If we accept this expanded definition of resolution, the term can also be used to refer to a space of compromise between different actors (objects, materialities, and protocols) in dispute over norms (frame rate, number of pixels etc.). I think this is an important step into realizing that resolutions are non-neutral, standard settings, that involve political, economical, technological and cultural values and ideologies, embedded in the genealogies and ecologies of our media. In an uncompromising fashion, quality (fidelity) speed (governed by efficiency) volume (generally encapsulated in tiny-ness for hardware and big when it comes to data) and profit (economic or ownership) have been responsible for plotting them. I would like to add that while I am not against resolutions and the functionalities that plot them, I do think it is important to demonstrate that there is more to the conflated understanding of resolution as a quality measured solely through quantity.
Image: Rosa Menkman, iRD Logo, 2015
5. In your recent research you’ve founded a virtual institution called ‘institutions of Resolution Disputes/iRD” using ambiguity as a strategic tool to trigger further investigations. Does the iRD also reflect on the historical role of institutions to mediate complexity? And what you’d like your institution to do?
I started the iRD in March 2015, just after I was fired from my favorite institution. I did not see it coming, it was over some silly paperwork and I am still baffled that this happened the way it did, without support or after care. This was my first job with a desk inside an institute (which at the time sounded appealing). I had moved back from London to Amsterdam to work for this institute, so when I was let go 2 days before the start of my contract I was without a job, with too much time and in a state of disillusionment.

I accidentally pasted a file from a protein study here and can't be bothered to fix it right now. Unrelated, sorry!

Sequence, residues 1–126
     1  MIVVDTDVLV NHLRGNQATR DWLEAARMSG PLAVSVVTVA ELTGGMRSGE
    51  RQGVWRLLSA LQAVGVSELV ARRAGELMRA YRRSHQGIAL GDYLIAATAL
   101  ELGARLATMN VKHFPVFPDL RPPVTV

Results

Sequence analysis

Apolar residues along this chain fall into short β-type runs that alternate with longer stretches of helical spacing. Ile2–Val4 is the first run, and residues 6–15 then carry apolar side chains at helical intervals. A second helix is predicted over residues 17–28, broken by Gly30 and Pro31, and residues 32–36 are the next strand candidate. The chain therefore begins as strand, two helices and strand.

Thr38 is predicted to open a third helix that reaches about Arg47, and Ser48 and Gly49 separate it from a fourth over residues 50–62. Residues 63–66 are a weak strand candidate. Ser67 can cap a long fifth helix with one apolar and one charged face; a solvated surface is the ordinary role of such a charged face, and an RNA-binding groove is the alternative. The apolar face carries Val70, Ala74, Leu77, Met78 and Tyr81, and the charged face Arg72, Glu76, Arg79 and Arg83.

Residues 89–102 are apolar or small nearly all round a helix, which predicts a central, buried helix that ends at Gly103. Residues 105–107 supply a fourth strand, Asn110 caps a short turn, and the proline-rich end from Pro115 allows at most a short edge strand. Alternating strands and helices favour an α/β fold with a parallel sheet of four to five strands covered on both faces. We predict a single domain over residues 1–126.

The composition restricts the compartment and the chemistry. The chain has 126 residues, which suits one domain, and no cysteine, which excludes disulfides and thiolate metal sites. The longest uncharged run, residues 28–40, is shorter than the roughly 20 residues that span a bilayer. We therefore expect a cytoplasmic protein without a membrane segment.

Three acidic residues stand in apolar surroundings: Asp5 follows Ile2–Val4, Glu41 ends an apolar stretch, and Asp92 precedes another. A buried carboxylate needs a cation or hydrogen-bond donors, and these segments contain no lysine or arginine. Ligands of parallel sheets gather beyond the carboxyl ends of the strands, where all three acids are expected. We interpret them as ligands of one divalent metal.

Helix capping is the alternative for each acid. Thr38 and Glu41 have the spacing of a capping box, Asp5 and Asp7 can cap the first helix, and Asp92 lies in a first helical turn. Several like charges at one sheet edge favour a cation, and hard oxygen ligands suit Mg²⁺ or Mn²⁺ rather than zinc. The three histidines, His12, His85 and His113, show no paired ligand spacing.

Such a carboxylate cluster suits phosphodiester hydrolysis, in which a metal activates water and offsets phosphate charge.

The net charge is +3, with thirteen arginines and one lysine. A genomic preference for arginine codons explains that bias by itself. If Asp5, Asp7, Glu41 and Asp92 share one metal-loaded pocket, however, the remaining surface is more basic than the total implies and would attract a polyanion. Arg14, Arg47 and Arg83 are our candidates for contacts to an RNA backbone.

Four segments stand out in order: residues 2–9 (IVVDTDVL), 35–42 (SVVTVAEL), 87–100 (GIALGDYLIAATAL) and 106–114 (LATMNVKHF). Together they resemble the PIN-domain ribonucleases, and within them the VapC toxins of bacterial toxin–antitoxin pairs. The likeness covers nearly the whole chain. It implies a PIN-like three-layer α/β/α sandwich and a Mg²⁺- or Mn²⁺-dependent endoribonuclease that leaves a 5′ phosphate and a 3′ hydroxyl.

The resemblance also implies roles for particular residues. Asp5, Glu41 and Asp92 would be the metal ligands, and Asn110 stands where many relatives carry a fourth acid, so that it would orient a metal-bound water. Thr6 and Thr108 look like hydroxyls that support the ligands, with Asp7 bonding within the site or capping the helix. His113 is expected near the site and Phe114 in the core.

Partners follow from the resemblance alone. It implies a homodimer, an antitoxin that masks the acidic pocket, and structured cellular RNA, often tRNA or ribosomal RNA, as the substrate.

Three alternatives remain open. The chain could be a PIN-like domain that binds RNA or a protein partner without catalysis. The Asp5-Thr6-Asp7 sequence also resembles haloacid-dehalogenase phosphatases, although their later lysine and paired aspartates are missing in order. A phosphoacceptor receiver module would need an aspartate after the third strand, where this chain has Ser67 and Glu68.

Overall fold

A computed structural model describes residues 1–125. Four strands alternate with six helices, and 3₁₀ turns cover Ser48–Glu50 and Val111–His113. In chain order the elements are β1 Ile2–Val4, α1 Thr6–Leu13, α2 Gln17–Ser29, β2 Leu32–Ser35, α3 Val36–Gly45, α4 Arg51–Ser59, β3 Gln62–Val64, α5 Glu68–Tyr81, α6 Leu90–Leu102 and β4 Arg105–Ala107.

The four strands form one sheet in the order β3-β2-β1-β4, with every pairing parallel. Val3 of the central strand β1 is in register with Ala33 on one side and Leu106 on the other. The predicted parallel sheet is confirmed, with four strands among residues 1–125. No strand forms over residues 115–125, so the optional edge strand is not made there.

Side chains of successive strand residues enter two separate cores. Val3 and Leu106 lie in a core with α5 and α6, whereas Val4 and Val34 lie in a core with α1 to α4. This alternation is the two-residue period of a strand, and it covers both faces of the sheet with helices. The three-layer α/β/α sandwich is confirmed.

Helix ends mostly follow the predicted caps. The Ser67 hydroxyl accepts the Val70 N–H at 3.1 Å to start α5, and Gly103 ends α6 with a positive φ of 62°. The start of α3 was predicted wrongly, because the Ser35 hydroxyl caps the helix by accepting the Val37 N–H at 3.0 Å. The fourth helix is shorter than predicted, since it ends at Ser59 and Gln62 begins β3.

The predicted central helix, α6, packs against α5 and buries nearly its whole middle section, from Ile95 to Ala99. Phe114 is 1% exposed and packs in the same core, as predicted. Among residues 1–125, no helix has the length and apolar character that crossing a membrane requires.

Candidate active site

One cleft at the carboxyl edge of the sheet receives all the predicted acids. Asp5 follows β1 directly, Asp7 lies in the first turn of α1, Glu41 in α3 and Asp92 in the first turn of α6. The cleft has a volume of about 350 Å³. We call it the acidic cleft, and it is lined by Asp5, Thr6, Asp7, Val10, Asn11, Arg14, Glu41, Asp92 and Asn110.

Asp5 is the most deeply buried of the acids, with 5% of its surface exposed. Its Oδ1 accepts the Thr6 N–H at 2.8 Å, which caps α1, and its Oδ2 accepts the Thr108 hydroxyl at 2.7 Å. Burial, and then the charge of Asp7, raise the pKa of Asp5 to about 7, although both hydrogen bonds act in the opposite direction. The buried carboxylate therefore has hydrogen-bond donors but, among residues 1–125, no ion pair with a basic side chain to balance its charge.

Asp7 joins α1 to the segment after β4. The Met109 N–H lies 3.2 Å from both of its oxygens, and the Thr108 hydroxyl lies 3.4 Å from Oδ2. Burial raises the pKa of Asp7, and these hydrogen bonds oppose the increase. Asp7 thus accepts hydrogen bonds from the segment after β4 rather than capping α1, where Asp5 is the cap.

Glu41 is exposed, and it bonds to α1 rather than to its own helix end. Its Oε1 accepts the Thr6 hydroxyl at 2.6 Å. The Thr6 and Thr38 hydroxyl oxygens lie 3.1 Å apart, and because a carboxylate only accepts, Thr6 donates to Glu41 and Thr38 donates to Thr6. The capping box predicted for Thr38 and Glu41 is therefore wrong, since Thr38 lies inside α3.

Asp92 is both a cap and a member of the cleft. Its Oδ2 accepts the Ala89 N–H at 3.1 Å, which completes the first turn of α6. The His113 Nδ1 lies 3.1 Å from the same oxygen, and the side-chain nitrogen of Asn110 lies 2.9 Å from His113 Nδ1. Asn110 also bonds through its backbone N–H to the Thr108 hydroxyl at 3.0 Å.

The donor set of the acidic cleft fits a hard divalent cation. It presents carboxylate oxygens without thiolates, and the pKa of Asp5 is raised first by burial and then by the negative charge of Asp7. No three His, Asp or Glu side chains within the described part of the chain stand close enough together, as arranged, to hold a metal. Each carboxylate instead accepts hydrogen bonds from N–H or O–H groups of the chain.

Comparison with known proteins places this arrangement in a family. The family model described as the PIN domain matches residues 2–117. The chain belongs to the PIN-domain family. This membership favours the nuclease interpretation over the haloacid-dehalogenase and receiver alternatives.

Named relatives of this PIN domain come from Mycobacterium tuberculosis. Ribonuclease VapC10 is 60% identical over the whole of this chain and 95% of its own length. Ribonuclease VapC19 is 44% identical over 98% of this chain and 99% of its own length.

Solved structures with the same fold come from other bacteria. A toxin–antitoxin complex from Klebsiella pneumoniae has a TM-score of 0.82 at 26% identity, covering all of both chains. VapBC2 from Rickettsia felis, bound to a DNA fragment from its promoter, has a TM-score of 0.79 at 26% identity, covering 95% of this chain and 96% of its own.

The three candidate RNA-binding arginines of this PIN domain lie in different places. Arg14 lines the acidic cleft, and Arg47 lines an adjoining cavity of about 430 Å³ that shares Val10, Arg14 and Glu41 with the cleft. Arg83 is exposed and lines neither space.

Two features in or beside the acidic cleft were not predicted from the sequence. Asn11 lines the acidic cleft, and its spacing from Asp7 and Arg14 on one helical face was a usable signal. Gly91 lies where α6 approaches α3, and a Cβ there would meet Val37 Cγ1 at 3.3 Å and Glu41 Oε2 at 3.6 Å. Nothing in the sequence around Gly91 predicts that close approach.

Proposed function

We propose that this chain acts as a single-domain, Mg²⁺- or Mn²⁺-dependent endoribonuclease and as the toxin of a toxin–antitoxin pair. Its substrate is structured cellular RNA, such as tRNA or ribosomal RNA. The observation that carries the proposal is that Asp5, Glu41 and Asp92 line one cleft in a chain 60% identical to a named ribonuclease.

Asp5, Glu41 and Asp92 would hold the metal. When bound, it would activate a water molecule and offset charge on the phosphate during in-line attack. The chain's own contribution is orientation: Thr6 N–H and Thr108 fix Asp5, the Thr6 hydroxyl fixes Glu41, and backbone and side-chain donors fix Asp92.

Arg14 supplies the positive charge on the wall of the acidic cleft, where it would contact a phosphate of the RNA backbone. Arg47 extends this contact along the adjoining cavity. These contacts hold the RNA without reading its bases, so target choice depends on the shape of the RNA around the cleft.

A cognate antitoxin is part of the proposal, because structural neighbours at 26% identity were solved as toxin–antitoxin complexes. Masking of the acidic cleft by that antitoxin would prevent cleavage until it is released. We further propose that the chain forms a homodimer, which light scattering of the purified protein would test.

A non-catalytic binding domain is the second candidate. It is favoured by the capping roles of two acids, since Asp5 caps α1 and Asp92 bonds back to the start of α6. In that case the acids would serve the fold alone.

The iRD is actually not one institute, but 5 institutions, each following their own logic formulated within the same framework: which is a text in DCT, an encryption method I developed for a Crypto Design Challenge (a challenge that was ironically enough organized by the same institute that had let me go), which subsquently won first prize. These are institutions that anybody can use or call on when in need for an institute (for instance when they need to write an application).
The iRD are a covert criticism to what I feel is as a defective culture within institutions. The role of an Institution should be the constructive mediation between function and action of entities and human actors. But it has become clear to me that instead of using the power of an institution constructively, these institutions have become a facade for people to hide behind. In the end, institutions are just social constructions so why do they not favor quality over output?
I don’t believe that Institutions are bad, but the people running these institutional frameworks should keep in mind that these so called institutions are social constructs and that not every rule in their institution always results in a positive outcome. Finally, while the people in charge have a responsibility to apply the rules, they also need to be able to bend them. Institutions and their leaders have an ethical responsibility to be there for the humans, not for the rules.